Our routine, standardized template of a resume nowadays tell us next to nill about someone’s depth of character (or lack thereof), nor much at all with regards to who a person is on the inside.
On scanning the length of a resume, sure, you can discover where someone worked. The “impressive” titles they may have garnered while at that particular workplace. Some of the general items they might have completed, achieved or routinely been working on.
That is about it though.
We have become a society in which we look at titles, outward indicators of status, and items achieved as evidence for as someone deserving of a position (or, of being “good enough” for the role) as opposed to at their depth of character and potential, which is far more telling.
This is why, frequently, we are overseen by mediocre or even miserably awful managers.
It is why, often enough, someone is hired who seems “perfect” for the job, only to result in later down the road, our discovering they are a flop. (Because really, how much can the information we uncover within our limited methods of interviewing really tell us about someone?)
Resumes do not tell us much of anything in terms of true relevance about a person.Instead, they offer a limited laundry list of some things that person has done.
To truly gain an impression of someone, as well as, how well (or not) they might function and flourish in a particular role, one needs to know more depth to that person’s soul and being.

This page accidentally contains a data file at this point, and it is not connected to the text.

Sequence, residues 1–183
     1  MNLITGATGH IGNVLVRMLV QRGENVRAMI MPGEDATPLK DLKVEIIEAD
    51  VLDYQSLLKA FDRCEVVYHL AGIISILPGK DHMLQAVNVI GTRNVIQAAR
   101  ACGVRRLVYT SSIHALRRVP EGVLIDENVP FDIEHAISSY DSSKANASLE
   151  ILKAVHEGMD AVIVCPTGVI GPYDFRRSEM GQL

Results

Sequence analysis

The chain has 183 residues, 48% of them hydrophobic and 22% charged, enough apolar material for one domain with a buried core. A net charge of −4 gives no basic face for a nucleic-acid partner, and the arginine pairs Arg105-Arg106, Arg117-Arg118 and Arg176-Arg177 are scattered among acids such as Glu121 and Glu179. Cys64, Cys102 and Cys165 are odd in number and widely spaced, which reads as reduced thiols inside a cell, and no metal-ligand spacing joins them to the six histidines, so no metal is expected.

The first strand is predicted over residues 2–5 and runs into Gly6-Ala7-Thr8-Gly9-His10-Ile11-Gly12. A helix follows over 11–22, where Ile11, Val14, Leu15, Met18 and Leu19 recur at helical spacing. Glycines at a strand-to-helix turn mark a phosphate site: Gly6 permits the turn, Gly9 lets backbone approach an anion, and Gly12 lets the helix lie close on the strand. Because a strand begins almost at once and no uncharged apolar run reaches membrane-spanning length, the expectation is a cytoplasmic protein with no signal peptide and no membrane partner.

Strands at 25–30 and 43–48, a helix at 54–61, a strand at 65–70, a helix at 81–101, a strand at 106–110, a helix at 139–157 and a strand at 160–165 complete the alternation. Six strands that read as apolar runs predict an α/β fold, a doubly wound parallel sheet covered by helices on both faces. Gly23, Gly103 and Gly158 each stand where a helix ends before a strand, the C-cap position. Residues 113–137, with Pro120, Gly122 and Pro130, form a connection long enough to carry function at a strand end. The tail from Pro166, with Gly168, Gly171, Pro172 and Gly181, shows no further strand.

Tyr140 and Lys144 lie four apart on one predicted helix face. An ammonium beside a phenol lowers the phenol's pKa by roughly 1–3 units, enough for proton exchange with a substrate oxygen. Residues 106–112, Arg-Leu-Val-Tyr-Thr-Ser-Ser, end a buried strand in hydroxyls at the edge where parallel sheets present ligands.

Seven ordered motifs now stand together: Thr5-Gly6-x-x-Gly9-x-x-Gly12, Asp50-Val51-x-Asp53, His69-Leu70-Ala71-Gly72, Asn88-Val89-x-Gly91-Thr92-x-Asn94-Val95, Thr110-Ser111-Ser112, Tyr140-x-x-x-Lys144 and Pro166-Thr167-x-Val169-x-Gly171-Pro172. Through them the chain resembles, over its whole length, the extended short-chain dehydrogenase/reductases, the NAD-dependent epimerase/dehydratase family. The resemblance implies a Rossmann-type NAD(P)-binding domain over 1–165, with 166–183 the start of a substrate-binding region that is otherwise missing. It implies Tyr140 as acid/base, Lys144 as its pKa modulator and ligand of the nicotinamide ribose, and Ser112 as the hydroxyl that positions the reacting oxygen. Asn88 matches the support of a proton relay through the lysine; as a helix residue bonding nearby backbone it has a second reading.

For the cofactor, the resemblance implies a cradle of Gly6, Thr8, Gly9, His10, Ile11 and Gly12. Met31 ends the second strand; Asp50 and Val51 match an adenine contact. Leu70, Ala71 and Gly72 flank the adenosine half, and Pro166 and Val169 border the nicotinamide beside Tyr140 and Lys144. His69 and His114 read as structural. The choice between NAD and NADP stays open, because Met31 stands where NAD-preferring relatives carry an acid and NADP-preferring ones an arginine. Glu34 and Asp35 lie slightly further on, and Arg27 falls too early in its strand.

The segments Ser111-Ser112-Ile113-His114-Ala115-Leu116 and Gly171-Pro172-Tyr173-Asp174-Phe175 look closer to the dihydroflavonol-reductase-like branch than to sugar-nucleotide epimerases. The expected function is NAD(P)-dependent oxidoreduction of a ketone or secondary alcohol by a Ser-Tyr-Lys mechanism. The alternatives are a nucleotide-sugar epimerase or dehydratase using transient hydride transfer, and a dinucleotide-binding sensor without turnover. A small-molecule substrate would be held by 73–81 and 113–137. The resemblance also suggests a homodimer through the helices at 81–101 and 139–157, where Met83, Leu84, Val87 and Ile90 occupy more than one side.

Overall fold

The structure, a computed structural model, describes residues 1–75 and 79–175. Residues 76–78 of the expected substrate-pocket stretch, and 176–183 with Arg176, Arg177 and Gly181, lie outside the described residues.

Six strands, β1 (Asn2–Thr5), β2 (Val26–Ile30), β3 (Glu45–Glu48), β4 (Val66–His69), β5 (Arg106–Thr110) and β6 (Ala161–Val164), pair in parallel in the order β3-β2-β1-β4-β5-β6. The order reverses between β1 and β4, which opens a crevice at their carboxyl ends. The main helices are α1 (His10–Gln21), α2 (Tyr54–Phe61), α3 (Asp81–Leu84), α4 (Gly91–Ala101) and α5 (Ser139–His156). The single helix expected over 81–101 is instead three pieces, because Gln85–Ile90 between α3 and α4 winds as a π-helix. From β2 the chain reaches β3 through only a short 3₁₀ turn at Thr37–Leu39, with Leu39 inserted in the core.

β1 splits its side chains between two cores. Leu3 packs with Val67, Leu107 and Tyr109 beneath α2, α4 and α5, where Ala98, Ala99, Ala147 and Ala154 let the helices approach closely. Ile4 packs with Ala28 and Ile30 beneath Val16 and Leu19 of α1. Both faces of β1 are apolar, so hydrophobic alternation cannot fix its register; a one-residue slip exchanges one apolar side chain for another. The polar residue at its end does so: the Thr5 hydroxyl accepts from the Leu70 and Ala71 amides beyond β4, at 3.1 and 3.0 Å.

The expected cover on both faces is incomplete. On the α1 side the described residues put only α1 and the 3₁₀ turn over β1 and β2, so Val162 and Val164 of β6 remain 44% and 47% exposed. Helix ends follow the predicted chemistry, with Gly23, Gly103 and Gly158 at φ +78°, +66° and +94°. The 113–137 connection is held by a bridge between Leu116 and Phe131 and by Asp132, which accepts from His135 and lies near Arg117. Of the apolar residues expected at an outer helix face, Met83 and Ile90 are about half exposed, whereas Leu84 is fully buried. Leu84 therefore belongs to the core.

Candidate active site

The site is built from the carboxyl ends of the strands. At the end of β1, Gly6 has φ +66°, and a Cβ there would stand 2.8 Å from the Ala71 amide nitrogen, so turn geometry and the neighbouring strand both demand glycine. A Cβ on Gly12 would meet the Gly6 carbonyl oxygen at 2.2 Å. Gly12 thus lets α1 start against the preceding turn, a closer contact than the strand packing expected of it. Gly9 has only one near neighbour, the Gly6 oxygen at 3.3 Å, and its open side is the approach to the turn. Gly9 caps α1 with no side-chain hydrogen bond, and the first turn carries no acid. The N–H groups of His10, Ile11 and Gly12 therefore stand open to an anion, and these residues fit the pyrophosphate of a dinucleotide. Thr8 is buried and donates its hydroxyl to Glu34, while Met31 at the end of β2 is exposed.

The questions we tend to ask in an interview, as well as what we list on our resumes, does not give us much with regards to that information.
A person has been a manager or CEO of such and such company. So what? Does this tell us if they are honest? Fair-minded and kind-hearted? Will they treat their colleagues with flexibility, openness, and as equal teammates? Or, will they treat their colleagues as less than? Will they be tyrannical? Unreasonable? A micro-manager and dictator type?
Someone who has only ever worked at “lowlier” type jobs, such as data entry, administrative assistant, and the like. We assume they are unlikely up to the task of anything more challenging. Yet, shocking as it may be for many to consider, it is not infrequent that the people who have occupied these roles may be far more intelligent, with more grit, heart, and talent, and with more top-notch character, than many of those who have been dubbed their superiors.
Instead, they, more often than not, haven’t been given the opportunities yet to prove this, because their “resume deems them unqualified.” So they remain relegated to and stuck within roles which keep them boxed in and functioning at far below their potential.
Hierarchies, promotions, and the like, are largely a result of politics, “playing the game”, and who you know. They are far less about true talent, personal potential, and strength of character than we like to hope.
A resume does not tell you whether someone is reliable. Nor does it tell you if they are brave.
A resume tells us nothing about if a person is emotionally mature. Nor does it tell us whether someone has spunk and innovative ideas.